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New Badgers this month
6 replies to this topic
Posted 06 January 2008 - 09:45 PM
Badger is releasing a new set of brushes late this month, the Renegade series. They're aimed at the custom automotive market, so they have such things as teflon seals (making them solvent proof), and more detail oriented needle/nozzle combinations. The three in the new set are the Rage, which is a bottle fed, with a .33 tip, the Velocity, which is a 1/3 oz. gravity feed with a .21 tip, as well as the Spirit, a side feed with the same .21 tip. Each is under $100, and I've been reading about their warranties, which is 25 years, and they say that they'll fix it if you break it, even from stupid stuff like dropping it.
I don't like the cut-away handle missing, the more I learn to control paint, the less I use it to blast a clog, but it's still nice to have, and keeps the tail end a bit more balanced. I asked Ken at Badger about that, and it's supposed to be balanced, there is a slimmer section to the brush in the handle.
I've been an Iwata guy, but at the inflated price, I've started to search other brands as well, as there are a TON of folks here that prove every day that it's the guy holding the brush, not the brush that makes the paint do wonderful things. Well, I'll find out myself soon Gonna get a few different models/brands to check out as well. I know it goes against my general advice of buy what you can get parts for locally, but I have a good stock of brushes/parts now, and while one of my new purchases may become my new favorite, or workhorse, I'll be sure to stock up, nothing like a bent needle to ruin the workflow!
Posted 06 January 2008 - 11:36 PM
I'll be checking them out, thanks to your endorsement.
I am looking for a brush for finer details. That .21 tip gravity feed looks like a good option at a good price.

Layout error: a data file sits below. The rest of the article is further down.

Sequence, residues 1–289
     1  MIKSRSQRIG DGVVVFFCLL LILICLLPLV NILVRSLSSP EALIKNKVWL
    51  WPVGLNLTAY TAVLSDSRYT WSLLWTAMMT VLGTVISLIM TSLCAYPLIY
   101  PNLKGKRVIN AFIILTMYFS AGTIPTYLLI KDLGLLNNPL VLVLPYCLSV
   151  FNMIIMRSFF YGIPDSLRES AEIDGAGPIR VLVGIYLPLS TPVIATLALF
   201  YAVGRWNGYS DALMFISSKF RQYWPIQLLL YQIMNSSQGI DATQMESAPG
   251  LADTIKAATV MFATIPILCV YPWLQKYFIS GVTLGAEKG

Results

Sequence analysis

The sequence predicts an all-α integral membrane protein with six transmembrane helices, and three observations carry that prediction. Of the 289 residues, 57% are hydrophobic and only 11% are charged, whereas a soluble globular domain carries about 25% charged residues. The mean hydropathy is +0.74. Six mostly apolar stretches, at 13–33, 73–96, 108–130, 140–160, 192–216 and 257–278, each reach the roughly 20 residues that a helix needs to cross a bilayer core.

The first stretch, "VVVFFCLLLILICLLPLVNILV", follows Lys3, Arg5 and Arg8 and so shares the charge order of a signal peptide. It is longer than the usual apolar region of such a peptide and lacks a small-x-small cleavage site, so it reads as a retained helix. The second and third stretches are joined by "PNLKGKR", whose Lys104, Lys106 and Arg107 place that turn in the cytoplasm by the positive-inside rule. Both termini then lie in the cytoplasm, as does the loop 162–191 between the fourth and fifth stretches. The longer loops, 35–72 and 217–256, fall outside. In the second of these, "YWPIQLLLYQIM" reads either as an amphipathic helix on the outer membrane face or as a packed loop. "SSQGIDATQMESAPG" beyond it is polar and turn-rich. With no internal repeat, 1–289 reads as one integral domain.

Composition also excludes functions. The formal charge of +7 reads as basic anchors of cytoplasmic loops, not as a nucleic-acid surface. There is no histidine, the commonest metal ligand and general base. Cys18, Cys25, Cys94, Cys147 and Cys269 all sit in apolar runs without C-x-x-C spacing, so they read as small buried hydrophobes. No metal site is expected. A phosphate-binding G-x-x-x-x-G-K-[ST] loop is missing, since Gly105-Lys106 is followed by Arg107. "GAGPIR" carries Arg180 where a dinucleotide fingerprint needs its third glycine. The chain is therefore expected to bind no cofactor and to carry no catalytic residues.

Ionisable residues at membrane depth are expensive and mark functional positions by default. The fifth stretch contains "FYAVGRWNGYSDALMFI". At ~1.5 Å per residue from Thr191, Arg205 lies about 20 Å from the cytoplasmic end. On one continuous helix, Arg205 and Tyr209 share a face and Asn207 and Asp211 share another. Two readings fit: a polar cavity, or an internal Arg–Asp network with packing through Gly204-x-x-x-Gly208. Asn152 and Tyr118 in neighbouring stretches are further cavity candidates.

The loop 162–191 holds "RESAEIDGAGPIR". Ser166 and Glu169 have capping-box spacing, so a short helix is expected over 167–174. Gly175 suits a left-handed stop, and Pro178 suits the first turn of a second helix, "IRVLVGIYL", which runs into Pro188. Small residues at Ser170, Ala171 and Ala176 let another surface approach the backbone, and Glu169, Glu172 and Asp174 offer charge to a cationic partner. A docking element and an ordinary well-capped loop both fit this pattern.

I know, you can do it with stencils, but I still would like to be able to free hand it, even if I have to use one hand to steady the other. )
Posted 07 January 2008 - 08:58 AM
Either the gravity or the side feed, same idea, just the side feed doesn't have anything obstructing your view. One thing about the smaller tips; you really need to be on top of your paint mix, or you'll cause yourself more problems due to the tendency for it to clog.
Posted 07 January 2008 - 09:44 AM
I have been using strictly Createx waterbased paints.
Does you post mean to only shoot transparents through that small a tip, or to thin the opaques and pearls before shooting them?
I just ordered some Wildlife paints, to get the colors that shift. Are they harder to spray, too?
Posted 07 January 2008 - 12:06 PM
It depends on the paint, and the size of the pigments. I've tried to shoot everything through my smaller tip brushes, and end up just remembering what works with what brush. You can thin these paints, but the particle size will always be the same (speaking of pearls and such). Yeah, the flip flop paints are pretty big, as they use a funny shaped 'flake' to achieve this effect. They can be sprayed through a smaller brush, but will often spit when you don't want them to.
Posted 07 January 2008 - 01:18 PM
Generally with Createx and other latex paints, you're better off with a larger tip. I wouldn't want to spend my afternoon or evening with a bunch of lures, a .21 tipped airbrush, and Createx; that's asking for aggravation!
Posted 07 January 2008 - 02:45 PM
Thanks for the heads up. I guess I'll just have to get better at stencils.
Can't wait to test spray some of that shifty paint. I think that's what is on the back of the triple trout, and it looks awesome in the water.